China’s inequality in visuals

Davey Meelker

China is booming. It is a matter of time before it will have the world’s biggest economy. Still, for a long time to come it will be a developed and a developing country in one. The average GDP per capita of the coastal provinces is ten times bigger than that of the western provinces. The country transformed from one of the most egalitarian countries in the world to one of the most unequal in recent decades. This blog will visually show you China’s two different sides.

While rich Chinese can afford a cup of overpriced coffee…

…others have to rely on other resources. The amount of money they earn in one day is often almost the same as the price of the coffee from the shop above.

In western China people still kill, dry and eat their own cattle

China, the country of mega cities and mud-brick cities.

The country where people live in caves and skyscrapers.

Where people live in modern apartment buildings in the east and mud huts in the west.

Billions of dollars are spend on the Olympics…

…while millions live in inadequate housing.

Some drive in the most luxurious cars, while others have to improvise another way to travel.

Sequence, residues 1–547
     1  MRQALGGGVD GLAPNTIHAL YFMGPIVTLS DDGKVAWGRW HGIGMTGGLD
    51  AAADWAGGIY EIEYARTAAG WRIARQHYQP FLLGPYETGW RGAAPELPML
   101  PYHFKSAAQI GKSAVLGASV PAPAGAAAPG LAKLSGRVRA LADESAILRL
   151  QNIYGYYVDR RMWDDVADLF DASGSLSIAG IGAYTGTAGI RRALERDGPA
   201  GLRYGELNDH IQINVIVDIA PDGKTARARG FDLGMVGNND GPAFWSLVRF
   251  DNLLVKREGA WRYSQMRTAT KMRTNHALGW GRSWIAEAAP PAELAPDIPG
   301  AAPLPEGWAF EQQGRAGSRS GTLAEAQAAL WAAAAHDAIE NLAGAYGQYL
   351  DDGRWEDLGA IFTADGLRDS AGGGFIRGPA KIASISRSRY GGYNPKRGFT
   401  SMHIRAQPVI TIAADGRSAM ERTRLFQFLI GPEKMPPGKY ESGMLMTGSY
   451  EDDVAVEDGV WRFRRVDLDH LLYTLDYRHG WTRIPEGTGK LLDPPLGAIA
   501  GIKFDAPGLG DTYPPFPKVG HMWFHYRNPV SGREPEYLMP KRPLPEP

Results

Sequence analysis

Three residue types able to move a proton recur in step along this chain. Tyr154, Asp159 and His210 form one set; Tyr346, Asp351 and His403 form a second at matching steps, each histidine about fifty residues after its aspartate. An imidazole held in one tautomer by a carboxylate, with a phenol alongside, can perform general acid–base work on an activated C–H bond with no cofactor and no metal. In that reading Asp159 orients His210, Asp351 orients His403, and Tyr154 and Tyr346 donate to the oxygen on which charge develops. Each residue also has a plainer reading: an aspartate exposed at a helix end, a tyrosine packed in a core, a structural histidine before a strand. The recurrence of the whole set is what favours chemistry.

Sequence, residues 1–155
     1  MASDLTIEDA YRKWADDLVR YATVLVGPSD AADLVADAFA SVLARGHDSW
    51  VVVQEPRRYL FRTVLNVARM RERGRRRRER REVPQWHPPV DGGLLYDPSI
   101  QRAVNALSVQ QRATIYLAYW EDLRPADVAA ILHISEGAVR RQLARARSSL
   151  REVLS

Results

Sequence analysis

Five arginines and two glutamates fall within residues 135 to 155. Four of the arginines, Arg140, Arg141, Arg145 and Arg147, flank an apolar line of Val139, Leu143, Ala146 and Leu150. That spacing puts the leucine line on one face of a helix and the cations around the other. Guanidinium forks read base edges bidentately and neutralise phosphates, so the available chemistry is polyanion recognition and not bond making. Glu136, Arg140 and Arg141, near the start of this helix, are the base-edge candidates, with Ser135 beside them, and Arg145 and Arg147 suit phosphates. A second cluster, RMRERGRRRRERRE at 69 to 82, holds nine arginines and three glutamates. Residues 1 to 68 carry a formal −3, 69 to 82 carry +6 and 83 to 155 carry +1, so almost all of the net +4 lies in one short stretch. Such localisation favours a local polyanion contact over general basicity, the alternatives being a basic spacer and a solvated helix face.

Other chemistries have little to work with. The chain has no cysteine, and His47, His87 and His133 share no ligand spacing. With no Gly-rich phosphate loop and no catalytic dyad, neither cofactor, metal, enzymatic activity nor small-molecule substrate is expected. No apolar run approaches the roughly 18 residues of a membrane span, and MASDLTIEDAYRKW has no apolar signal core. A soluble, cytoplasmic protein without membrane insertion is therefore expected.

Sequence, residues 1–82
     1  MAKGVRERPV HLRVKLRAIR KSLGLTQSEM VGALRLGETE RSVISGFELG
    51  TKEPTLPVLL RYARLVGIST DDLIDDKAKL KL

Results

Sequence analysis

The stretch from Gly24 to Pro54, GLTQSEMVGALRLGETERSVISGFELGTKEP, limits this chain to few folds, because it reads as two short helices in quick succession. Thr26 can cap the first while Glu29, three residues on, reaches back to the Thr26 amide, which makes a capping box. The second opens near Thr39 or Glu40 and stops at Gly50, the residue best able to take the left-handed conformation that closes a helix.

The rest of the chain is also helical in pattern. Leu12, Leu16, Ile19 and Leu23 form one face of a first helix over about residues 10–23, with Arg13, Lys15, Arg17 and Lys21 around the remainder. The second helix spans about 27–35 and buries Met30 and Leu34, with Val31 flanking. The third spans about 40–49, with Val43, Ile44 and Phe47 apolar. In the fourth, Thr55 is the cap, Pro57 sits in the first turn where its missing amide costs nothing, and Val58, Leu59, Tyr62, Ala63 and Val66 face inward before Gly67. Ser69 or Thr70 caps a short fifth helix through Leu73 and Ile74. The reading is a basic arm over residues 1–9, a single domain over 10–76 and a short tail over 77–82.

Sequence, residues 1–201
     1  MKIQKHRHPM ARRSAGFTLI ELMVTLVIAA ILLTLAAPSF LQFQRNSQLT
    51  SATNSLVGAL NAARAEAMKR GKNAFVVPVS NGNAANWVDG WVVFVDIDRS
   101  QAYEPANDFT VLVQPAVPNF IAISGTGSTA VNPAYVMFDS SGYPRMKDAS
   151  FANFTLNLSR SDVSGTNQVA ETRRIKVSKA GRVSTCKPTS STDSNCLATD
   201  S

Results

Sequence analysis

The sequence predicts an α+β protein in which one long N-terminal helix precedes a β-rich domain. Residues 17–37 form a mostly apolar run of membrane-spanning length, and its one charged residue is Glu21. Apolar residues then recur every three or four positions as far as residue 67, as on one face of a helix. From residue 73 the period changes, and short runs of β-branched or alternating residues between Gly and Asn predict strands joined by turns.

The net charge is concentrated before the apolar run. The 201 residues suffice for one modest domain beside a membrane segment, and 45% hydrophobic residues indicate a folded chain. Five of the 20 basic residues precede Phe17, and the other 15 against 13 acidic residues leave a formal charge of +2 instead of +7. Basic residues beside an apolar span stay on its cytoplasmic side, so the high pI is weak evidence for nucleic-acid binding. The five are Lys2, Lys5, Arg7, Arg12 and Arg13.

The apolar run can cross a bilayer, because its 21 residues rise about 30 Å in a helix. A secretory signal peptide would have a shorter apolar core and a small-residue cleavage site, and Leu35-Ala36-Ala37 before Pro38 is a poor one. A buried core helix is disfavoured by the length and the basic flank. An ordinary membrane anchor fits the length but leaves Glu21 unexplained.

Some can afford the most expensive brands, while others have to carry sewage waste for as long as they can stand.

This blog only shows a few examples of the huge gap between rich and poor in China. Only a small part of the population take, often through corruption, a huge part of the country’s assets. Many Chinese we met are deeply concerned with this issue. They stress that China’s inequality will lead to civilian turmoil eventually. It is up to the government to tackle this. Either, by closing the great the gap or by military force when it is already too late…

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Trackbacks / Pingbacks

  1. China’s becoming unequal | Brandeis Economy of Asia Review - November 4, 2012
  2. Chinese inequality « - October 22, 2012

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